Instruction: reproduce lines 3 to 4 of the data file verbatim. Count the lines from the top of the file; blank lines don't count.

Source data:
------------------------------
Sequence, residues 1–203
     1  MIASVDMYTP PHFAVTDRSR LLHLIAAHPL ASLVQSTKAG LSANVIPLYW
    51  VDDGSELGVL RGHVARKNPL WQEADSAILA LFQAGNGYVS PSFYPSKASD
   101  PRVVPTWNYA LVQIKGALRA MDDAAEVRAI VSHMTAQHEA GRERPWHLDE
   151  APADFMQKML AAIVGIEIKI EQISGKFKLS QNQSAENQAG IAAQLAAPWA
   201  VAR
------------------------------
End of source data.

    51  VDDGSELGVL RGHVARKNPL WQEADSAILA LFQAGNGYVS PSFYPSKASD
   101  PRVVPTWNYA LVQIKGALRA MDDAAEVRAI VSHMTAQHEA GRERPWHLDE